Knicks' DeBusschere Empties Locker

Ends 11-Year Pro Career

For New York Knick fans, April 1974 is the cruelest month of the cruelest year. The Knicks not only fell to their arch-rivals, the Celtics, in the final of the Eastern Conference playoffs, but also lost their top player, number 22, Dave DeBusschere.

In the summer of 1969, looking forward to his first full season with the Knicks, DeBusschere said he was "absolutely sick of watching the Celtics leap off the floor at the end of each championship series, their fists raised high in victory. I want to raise my fist. I want to be Number One."

The next year, with DeBusschere as catalyst, the Knicks took the National Basketball Association championship, and grabbed the honor again in 1973.

But on Wednesday night in DeBusschere's final professional basketball game, a nagging abdominal muscle pull hobbled the veteran starter. He played only 16 minutes and watched from the bench as his last chance to be Number One ticked off on the scorer's clock in the Boston Garden.

DeBusschere didn't enter the game until the second quarter, made just one shot in four attempts and collected only three rebounds. This from a man who, in the seventh game of the 1970 NBA finals, dashed the Lakers' championship hopes by banging in 18 points and ripping down 17 rebounds against the likes of Elgin Baylor and Wilt Chamberlain.


Wednesday's game ended a brilliant career on a sad note, but recollection of his illustrious athletic feats should remove any of DeBusschere's remorse on retirement.

After garnering All-American basketball honors at the University of Detroit, DeBusschere was drafted as a pitcher by the Chicago White Sox in 1962. He spent his first year on Chicago's farm team in Savannah, winning 10 of 11 starts with an ERA of 2.49.

The White Sox gloated so over DeBusschere that they gave him a big bonus at the end of his rookie year and protected him while letting another young pitcher, Denny McLain, go to the Detroit Tigers.

Dumb Business

At the end of 1964, DeBusschere left the Sox, saying, "I didn't want to stay in a business dumb enough to do that," and joined basketball's Detroit Pistons. At the age of 24, he became the youngest player-coach in the history of the NBA.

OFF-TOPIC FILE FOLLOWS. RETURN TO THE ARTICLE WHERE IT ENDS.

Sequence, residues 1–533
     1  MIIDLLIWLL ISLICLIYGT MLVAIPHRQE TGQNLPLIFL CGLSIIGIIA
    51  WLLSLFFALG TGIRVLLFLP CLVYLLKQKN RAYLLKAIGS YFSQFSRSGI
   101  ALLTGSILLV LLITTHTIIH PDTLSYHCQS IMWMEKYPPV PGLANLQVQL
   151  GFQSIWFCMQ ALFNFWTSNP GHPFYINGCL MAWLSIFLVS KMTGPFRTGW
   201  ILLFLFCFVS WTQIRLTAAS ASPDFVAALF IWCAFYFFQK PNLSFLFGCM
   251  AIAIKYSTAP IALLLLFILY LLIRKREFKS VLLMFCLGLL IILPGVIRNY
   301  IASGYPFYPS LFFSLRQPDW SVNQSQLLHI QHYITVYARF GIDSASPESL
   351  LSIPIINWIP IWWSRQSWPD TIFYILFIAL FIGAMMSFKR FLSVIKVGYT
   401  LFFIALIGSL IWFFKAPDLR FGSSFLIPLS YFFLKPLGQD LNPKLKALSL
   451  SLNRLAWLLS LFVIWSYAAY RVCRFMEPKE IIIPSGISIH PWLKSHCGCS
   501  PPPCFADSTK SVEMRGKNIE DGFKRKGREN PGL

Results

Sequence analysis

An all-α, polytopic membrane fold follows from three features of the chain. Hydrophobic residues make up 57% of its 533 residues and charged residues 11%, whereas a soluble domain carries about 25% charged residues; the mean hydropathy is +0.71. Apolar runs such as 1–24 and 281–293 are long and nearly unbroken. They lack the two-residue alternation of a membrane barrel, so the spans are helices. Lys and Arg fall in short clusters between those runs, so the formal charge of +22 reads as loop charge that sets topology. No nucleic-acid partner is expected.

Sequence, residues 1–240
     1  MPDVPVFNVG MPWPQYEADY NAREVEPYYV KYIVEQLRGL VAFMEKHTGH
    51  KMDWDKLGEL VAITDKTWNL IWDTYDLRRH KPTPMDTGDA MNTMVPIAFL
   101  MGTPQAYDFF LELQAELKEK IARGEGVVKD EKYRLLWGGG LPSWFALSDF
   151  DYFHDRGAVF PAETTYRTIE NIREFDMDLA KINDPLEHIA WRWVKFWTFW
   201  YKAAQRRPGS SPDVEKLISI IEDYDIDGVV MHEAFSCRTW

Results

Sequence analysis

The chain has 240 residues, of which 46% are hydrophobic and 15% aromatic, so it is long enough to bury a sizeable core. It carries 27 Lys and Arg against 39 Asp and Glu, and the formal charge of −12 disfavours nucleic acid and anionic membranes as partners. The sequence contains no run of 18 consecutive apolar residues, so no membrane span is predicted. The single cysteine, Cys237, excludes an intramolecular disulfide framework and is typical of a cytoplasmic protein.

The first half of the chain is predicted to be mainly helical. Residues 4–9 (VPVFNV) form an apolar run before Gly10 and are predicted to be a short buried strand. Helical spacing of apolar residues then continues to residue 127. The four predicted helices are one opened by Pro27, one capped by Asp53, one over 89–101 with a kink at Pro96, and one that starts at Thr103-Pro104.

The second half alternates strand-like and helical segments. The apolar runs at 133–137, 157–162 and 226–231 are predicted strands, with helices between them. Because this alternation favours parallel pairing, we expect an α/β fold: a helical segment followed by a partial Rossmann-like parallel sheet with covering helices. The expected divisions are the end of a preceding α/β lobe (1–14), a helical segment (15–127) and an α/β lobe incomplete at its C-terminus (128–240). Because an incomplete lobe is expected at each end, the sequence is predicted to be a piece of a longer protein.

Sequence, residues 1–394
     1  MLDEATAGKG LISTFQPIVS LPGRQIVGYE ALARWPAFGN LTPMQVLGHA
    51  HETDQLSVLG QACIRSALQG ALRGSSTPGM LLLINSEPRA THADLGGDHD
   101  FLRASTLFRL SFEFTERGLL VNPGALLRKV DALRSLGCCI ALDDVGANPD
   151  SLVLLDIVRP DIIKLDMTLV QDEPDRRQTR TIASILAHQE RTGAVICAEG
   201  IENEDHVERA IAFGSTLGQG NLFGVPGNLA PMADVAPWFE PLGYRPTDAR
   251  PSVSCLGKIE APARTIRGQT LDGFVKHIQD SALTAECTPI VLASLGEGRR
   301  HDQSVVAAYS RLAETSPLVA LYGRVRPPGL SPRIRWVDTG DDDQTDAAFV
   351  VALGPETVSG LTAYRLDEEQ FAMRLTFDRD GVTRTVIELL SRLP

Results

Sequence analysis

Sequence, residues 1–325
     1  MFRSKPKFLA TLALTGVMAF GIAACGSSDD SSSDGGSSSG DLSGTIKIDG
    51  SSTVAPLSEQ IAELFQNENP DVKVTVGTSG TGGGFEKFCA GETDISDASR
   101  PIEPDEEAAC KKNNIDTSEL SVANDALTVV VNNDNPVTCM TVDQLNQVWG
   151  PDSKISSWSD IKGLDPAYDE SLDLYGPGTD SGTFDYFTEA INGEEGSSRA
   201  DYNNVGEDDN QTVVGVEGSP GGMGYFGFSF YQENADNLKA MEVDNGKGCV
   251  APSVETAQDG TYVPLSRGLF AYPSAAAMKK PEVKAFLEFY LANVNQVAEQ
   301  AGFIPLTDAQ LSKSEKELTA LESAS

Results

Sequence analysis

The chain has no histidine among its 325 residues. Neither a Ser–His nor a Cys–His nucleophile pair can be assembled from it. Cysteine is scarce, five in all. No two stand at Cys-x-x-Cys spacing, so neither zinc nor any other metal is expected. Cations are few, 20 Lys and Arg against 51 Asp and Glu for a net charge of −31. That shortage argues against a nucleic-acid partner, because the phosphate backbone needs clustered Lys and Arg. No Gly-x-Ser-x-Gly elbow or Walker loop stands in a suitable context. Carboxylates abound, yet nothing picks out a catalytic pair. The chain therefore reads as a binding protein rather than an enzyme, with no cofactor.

But DeBusschere had it rough with the Pistons. In his six full seasons there, Detroit never won even half its games. The players were ashamed of themselves, but were too tall to hide.

"When we went on a road trip," DeBusschere said in his book "The Open Man," I deliberately carried my travel bag--with Detroit Pistons on one side--so that the blank side showed."

Things changed radically for DeBusschere in 1968, when the Pistons traded him to the Knicks for Walt Bellamy. The Knicks were barely playing .500 basketball. They hadn't finished first or second in their division in ten years, and had never won the NBA championship.

In DeBusschere's first full season with the Knicks, the team compiled the best won-lost record in the NBA with a 60-22 record and went on to take the crown. In the five full years DeBusschere has been with the club, the Knicks have been to the Eastern Conference finals each year and have pocketed the NBA championship twice.

Surprisingly, sports writers have never selected DeBusschere for first-team All-NBA, but he has managed to win a spot on the All-Defensive NBA team every year since its conception in 1968.

Sports writers may not fully appreciate DeBusschere's talents, but his basketball peers revere him. Lakers' forward Bill Bridges once said: "There's not one guy in this league who gives the 100 per cent DeBusschere does, every night, every game of the season, at both ends of the court."

There are few words that could better praise the achievements of one of the greatest basketball players ever to have graced the game.